My mother is a self-proclaimed island child. When I was eight years old, we moved to the Florida Keys. Her vision of paradise: trailer parks, fresh lobster, bare feet and bikinis. Her island inspiration rubbed off on me and I’ve been a water baby ever since.
When Jeffery, my dear old friend, asked us to go to Maui, I said yes without a second thought and invited my best friend, photographer Shelby Duncan, to join. It was a promise of the ultimate Island getaway: papaya, perfectly clear water and every shade of sand imaginable. Jeffery, our travel benefactor, is a collector of creativity. He’s been funding artists in Maui for years. Like no one I’ve ever known, Jeffery is willing to bet on the muse.
I filled my suitcase with my mother’s bathing suits — her spirit and travel stories woven into every thread. This is my favorite thing about vintage clothes: each piece holds history. Whether it’s my mother’s story or some stranger’s, the magic of old clothes is in the tales they tell. Shelby is from Reno; her own style mimics the sweet 70s vibe of her mother with feathered blonde hair and high-waisted bell-bottoms. We both tend to mirror the past, keeping the beauty of our mothers alive, drawn toward styles that stay steady over time.
Our 11-day adventure took us down the winding road to Hana, into bamboo forests where we split coconuts and collected jars of precious black sand. Maui is a paused place caught in slow-pace perfection. Waves and sweet fruit became our language. Every day we belonged to a new beach. We were usually naked. We moved from one roadside stand to the next, devouring shave ice, conversing about politics with locals who passionately work to preserve the culture of this special land that stretches its lava fields as far as the ocean allows. They call the island “Mother Maui” and this stuck with us, this sense that we were indeed nurtured and cared for by the island itself.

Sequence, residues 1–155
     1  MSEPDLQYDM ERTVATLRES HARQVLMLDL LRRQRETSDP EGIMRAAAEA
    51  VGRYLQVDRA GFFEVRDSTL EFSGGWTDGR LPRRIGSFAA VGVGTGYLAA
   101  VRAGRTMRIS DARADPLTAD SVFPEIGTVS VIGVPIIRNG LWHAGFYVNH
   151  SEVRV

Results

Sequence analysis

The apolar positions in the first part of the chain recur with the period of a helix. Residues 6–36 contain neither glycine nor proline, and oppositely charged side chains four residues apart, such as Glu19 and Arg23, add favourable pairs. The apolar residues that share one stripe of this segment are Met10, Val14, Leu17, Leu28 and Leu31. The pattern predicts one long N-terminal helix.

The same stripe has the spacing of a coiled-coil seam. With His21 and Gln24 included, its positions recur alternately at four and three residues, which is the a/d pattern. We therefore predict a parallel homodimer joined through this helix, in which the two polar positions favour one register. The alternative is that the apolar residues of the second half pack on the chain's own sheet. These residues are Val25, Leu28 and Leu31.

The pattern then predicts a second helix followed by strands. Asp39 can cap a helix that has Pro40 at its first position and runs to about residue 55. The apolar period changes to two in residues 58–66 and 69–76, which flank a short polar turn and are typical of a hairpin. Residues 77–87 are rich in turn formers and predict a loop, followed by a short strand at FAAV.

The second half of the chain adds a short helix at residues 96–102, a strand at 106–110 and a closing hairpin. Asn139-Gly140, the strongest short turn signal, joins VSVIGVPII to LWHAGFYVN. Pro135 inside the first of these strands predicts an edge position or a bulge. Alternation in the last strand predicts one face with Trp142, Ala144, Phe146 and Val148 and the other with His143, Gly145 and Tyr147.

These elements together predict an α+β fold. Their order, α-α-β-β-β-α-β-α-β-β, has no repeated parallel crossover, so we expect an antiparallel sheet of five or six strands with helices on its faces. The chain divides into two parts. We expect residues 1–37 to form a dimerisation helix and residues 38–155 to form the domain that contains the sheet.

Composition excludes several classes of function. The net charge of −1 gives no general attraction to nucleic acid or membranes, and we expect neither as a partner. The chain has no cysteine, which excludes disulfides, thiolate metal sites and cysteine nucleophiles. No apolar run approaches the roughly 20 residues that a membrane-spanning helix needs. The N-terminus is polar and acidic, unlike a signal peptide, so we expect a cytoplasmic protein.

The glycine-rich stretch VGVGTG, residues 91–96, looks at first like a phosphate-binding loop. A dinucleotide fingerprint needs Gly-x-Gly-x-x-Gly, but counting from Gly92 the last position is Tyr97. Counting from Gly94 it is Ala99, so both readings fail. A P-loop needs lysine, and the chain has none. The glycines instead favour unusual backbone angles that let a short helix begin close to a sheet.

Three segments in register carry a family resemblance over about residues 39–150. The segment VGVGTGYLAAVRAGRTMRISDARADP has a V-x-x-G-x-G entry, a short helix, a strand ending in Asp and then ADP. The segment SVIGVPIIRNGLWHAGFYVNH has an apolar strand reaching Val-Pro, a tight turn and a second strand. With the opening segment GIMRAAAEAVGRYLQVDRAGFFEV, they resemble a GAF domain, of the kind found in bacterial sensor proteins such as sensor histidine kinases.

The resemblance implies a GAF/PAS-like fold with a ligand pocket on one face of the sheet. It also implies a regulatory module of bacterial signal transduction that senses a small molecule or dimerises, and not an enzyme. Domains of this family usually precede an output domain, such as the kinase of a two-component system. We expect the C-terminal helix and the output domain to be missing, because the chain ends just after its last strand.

One day, while soaking in an illuminated tide pool, I looked at myself floating in the clear cool water, wearing my mother’s bikini, and I saw her body reflecting back at me. I looked up and saw Shelby swimming nearby, her big hoop earrings and bright hair piled high on her head, and I saw her mother there as well. A sense of belonging came over me in this place where I would normally feel like an interloper from the mainland. The island instigated nostalgia, a connection with what my mother always knew to be the good life, and I was filled with a deep understanding of why people are so drawn to this remote string of volcanoes in the middle of the ocean. Hawaii sucked us in, soothed us deeply, and turned us away to come home with a deep appreciation of the power of place. My mother looked through the photos of our travels and simply said, “My love, you’re doing it right.”